Patrolling Hyder, Alaska’s Fish Creek like she owns it, 600-pound Monica fattens up on a freshly subdued chum salmon.
With a population of fewer than 100 residents, Hyder, Alaska, bills itself as “The Friendliest Ghost Town in Alaska.” The town is one of those gems that is far enough off the beaten path to still be something of a secret, known mainly to the relatively few people who travel the Cassiar Highway in western British Columbia. Many of these travelers are on their way to or from Alaska, and not even all of these travelers are aware of what Hyder offers.
A prize for any grizzly, this beautifully marked chum salmon makes its way up the air-clear water of Fish Creek.
In addition to rare opportunities to watch and photograph grizzlies up close from a safe vantage point (an elevated viewing deck runs along a short portion of Fish Creek), Hyder boasts what is surely one of the world’s most unusual destination restaurants. We’ve written about the Seafood Express in a previous post. Established in 1998, the school bus Jim and Diana Simpson converted into a restaurant continues to turn out the very best fish and chips we’ve ever had. Even when the salmon and bears aren’t in, the restaurant alone makes taking the turnoff to Hyder worthwhile. Jim, a fisherman by trade, supplies the fresh salmon, halibut, shrimp and prawns Diana magically transforms into perfectly crispy, golden-brown, airily light creations that seem to disappear in one’s mouth. Complimented by a bottle of Alaskan Amber Ale, lingering over a meal there is the perfect way to relax after a morning of nature watching while Rufous Hummingbirds trill musically from the nearby spruce and fir forest.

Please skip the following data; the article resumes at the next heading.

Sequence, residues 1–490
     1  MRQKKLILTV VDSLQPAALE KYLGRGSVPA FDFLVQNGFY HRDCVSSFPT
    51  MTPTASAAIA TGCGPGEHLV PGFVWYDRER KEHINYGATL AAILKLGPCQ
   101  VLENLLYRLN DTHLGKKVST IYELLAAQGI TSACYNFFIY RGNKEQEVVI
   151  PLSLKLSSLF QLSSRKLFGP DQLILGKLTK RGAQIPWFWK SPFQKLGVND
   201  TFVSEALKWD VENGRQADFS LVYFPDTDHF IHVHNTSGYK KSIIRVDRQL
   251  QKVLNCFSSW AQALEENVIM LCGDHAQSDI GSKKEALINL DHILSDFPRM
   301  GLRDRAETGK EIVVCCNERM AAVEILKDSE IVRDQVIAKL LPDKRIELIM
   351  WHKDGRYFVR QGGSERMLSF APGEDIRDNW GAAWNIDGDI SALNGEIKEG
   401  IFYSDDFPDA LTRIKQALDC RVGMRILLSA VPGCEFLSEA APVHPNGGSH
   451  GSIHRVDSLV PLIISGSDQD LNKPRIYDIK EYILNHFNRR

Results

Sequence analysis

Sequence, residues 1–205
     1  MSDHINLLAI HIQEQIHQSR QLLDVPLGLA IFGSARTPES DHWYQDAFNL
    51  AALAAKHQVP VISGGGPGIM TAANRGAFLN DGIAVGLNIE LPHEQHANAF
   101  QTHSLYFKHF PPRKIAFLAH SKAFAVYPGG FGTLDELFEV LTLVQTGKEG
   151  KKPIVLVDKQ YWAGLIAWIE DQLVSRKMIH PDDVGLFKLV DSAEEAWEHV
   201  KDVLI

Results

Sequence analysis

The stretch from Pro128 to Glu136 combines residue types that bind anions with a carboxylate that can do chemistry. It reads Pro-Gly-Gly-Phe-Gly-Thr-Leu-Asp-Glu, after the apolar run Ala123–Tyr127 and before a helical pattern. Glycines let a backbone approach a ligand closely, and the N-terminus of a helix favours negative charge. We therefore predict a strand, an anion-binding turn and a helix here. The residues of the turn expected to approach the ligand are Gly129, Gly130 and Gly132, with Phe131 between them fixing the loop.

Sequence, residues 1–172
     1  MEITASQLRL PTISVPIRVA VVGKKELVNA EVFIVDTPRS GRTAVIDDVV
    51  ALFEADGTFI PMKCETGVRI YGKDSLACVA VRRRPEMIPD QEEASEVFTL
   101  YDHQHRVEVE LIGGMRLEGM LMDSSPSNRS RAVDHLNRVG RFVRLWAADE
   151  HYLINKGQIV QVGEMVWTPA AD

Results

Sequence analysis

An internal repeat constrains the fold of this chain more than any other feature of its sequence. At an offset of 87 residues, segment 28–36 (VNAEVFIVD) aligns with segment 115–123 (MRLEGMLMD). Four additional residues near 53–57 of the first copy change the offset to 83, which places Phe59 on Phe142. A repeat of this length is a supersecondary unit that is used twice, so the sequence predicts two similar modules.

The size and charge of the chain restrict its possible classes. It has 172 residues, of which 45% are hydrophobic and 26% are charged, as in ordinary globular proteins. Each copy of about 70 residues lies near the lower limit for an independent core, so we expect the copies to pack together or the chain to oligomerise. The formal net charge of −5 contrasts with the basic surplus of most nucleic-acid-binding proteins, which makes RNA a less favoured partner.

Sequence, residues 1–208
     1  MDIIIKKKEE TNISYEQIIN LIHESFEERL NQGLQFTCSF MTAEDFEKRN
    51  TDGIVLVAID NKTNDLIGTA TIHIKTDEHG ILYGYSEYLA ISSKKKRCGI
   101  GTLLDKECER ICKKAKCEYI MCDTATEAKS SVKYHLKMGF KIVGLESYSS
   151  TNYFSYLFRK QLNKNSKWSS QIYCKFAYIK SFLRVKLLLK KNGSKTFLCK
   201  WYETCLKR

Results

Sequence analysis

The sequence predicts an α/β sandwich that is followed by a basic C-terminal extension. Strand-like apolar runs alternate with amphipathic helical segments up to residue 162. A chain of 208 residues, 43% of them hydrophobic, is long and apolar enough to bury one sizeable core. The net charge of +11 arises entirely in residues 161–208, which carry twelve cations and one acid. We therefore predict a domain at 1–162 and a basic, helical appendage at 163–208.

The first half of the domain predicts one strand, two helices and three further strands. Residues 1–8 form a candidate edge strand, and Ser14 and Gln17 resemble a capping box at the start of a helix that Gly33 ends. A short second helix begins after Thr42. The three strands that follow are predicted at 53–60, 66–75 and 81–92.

A female common merganser (Mergus merganser) leads her brood of chicks (next photo) down Fish Creek’s crystalline currents.
Merganser chicks scurry to keep up with their mother. This type of duck typically nests in tree cavities near water. They feed on small fish, insects and (I’m guessing) salmon eggs when they can find them.
Since 1998, the Seafood Express has been serving up gourmet-quality fish and chips.
The viewing platform on Fish Creek provides one of the very few places in North America where people can routinely and safely view wild grizzlies from a fairly close distance. The platform is manned by knowledgable U. S. Forest Service Rangers. The best viewing is from late July through September.
A trip to Alaska through British Columbia by car, camper or motorhome is a trip of a lifetime. If your route takes you along the Cassiar Highway, Hyder should be a “must visit” destination!
For more, click here to see our iReport on CNN.
Awesome! I loved watching grizzlies from a platform in BC, they are such incredible creatures. Those merganser chicks are brilliant!
Loved Hyder. So exciting to see grizzlies in the wild and be closer to them than anyone would normally get to these big ones. Just look at those claws! Be well, Ann and Jerry
That’s what I’m drawn to every time I look at the photos of Monica – those claws. Makes you appreciate the safety of the viewing platform there.
Spectacular!!!!!! Those grizzlies “claws” are a sight. I never knew there were platforms to watch bears. I’m assuming the bear has no way to climb up to the platform? Those chicks are too cute:)
The platform sits on stilts far enough above the river that there is no threat. The “regulars” go there early with their coffee and breakfast, set up their tripods and wait. There’s a ranger station, and rangers on duty who know each bear in detail.
Wish I was a “regular” that must be spectacular..O’ I already said that.
Great Post – loving your photos – seeing bears in the wild is wild!